Master's Thesis, 2014
74 Pages, Grade: 2.0
1.2 Research attempt
1.3 General limitations
2 Previous research
2.1 Overview of relevant research and prevailing approaches
2.1.1 Findings of qualitative and quantitative research
2.1.2 Concepts of identity
2.1.3 Explanatory national institutions
2.2 Research gaps and this study’s point of contact
3.1 Theoretical perspectives and basic assumptions
3.2 Definition of fundamental concepts
3.2.1 EU-identification and EU-support
3.2.2 Framing the EU - a dualistic concept
3.3 National institutions: Three explanatory models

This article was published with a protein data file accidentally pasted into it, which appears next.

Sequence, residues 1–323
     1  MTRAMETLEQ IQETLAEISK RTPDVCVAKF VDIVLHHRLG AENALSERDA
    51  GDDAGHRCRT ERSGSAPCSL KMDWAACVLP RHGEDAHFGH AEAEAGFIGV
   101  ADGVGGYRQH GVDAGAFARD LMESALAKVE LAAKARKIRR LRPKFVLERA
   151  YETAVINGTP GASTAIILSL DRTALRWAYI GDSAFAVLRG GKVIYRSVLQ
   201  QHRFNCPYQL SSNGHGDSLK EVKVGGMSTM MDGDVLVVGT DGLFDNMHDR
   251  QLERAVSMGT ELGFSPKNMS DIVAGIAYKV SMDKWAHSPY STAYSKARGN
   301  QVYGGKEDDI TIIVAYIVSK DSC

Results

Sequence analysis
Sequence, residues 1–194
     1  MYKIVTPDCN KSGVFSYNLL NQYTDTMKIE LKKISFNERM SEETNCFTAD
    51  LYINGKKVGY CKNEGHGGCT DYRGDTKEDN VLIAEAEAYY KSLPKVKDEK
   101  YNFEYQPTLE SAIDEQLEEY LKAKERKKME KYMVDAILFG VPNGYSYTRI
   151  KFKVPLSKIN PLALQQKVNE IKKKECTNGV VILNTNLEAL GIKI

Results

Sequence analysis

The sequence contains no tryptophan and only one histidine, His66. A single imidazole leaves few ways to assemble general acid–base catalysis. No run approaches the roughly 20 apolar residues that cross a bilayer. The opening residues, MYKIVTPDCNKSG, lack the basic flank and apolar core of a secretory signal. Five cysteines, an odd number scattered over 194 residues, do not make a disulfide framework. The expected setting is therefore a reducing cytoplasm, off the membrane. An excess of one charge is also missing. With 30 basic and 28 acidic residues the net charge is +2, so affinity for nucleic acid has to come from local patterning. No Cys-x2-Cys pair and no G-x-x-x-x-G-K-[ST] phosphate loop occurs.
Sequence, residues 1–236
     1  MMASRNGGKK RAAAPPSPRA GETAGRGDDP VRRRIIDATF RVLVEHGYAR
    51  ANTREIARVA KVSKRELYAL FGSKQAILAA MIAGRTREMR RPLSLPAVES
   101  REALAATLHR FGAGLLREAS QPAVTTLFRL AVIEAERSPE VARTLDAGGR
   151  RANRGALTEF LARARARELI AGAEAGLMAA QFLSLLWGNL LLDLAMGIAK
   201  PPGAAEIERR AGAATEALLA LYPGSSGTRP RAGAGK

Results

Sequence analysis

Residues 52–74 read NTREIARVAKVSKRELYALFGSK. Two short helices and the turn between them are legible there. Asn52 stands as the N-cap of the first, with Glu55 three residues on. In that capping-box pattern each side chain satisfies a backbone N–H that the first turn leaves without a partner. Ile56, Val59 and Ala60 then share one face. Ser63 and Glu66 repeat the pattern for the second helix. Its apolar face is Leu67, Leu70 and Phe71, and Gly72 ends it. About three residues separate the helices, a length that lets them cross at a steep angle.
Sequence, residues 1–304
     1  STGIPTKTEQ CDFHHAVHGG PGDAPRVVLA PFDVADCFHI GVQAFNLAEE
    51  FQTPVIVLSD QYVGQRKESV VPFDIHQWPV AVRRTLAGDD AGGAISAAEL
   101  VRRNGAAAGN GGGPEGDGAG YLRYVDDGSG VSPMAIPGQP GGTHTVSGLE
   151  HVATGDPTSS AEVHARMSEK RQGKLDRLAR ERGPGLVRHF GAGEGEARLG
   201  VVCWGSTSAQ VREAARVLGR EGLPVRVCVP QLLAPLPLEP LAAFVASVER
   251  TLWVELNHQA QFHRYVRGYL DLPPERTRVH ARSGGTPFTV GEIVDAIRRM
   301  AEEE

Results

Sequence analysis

3.3.1 National value orientation
3.3.2 Political opportunity cost model
3.3.3 National identity type
4 Methods and data
4.1 Positioning in research field
4.2 Research design and hypotheses
4.3 Dataset and operationalisation
5.1 Overview of EU-identification and EU-support by dimension
5.2 Ideal type matrices
5.3 Relative shares of ideal types
5.4 Overall results and country clustering
5.5 Evaluation of explanatory variables
6.1 Further research
6.2 Political implications
The European Union’s growing range of competences increases the degree of required societal support among the member states’ citizens. This study intends to ‘map’ national attitudes towards the EU and to deduct their political implications. Therefore, the concepts of i) identification with the EU and ii) support of the EU are combined within a matrix of four ideal types.